Devon and Cornwall Police are appealing for people to hand in unwanted guns and ammunition during a two week surrender period which started on Thursday, May 12 and runs until Sunday, May 29.
Many firearms are held in innocence and ignorance of their illegality or are overlooked and forgotten in people’s home, say officers. Examples of this are shotguns or rifles for which the licence has expired or perhaps handguns brought back into the country from the First and Second World War, or other items acquired as collectibles.
The surrender, organised by the National Ballistics Intelligence Service (NaBIS), gives people the chance to dispose of firearms or ammunition by simply taking them to a participating local police station and handing them over anonymously at the point of surrender. All firearms will be examined for evidence of criminality.
Surrendering unwanted, unlicensed weapons avoids the risk of them becoming involved in criminality and means that members of the community can dispose of firearms in a safe place. It is important to remember that in past surrenders, the majority of items surrendered were not in circulation for criminal use, and this surrender period removes the possibility that they could be acquired and distributed by criminal networks to harm, threaten and intimidate local communities.
During that period, those surrendering firearms will not face prosecution for the illegal possession upon surrender and can remain anonymous.
Assistant Chief Constable Julie Fielding said ‘We encourage as many people as possible to hand in weapons and ammunition. If you have information about a weapon or have a weapon being held illegally, now is the opportunity to tell us where it is or to hand it in to a local police station. You can do this anonymously. One weapon out of circulation and off the streets is one less that can be used in crime and to cause harm.’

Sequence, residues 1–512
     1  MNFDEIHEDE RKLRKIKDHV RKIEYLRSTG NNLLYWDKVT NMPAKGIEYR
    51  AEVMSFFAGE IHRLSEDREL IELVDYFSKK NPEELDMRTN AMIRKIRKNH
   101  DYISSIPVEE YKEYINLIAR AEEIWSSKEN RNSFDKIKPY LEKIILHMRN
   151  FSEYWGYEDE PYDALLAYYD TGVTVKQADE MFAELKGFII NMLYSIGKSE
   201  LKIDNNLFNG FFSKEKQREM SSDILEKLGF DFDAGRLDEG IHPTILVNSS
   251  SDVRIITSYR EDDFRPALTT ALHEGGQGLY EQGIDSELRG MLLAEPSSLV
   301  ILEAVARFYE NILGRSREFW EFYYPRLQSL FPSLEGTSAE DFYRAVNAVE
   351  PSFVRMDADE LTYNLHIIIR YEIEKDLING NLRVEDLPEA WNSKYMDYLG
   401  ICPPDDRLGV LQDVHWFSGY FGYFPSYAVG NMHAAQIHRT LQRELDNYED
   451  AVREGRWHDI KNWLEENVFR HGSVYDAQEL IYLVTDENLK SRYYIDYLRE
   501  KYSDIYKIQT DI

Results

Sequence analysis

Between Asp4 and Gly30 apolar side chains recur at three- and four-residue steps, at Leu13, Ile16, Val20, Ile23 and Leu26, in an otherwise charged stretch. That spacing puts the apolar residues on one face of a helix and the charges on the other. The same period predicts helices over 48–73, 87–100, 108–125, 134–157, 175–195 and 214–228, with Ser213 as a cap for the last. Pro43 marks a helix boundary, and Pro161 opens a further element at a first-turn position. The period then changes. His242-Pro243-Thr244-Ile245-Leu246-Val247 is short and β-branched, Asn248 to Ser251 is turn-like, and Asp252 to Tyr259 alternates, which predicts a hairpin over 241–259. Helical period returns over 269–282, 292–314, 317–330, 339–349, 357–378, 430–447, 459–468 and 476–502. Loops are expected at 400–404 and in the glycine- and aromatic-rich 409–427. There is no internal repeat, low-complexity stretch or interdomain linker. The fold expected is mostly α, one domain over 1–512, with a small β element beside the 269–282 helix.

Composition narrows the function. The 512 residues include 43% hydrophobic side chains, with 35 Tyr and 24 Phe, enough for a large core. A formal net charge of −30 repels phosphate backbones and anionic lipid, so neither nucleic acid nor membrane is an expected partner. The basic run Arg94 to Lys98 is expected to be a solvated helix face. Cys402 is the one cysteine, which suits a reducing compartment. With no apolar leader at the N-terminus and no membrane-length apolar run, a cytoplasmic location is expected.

Weapons and ammunition can be surrendered at any participating police station but anyone handing in a firearm, ammunition or any other weapon during the surrender is advised to check the opening times of their station. Weapons or ammunition should definitely not be left outside a police station if it is closed.
Police would also be keen for people to hand in any replica guns, airsoft guns, BB guns and anything that looks like the real thing and about which they are having second thoughts, as these can be used to threaten and intimidate too.
Police are also making the public aware that electrical stun weapons — the police use a version of these called a Taser — can be acquired in other countries but are illegal in the UK. They would like you to hand those in as well.
Any member of the public surrendering a firearm will be doing so in the knowledge that it will be completely destroyed first by being cut into unusable pieces, with metal pieces eventually being recycled. A handful of unusual items may be retained by police force armourers under secure conditions for future training and reference purposes. Nothing will be sold on and nor will the original holders be given any payment.
At the end of the last firearms surrender in August 2019, 119 firearms of various types had been handed in to Devon and Cornwall Police.
If you know of people in possession of or involved in illegal firearms email Devon and Cornwall Police at [email protected] or call Crimestoppers anonymously on 0800 555 111.
The following police stations in Plymouth and Exeter are able to receive surrendered firearms and ammunition during office hours.
Crownhill Plymouth, Budshead Way PL6 5HT
Charles Cross Plymouth, Hampton Street, Plymouth PL4 8HG (also open Saturdays)
Exeter police station, Sidmouth Road, EX2 7RY (also open Staurdays)
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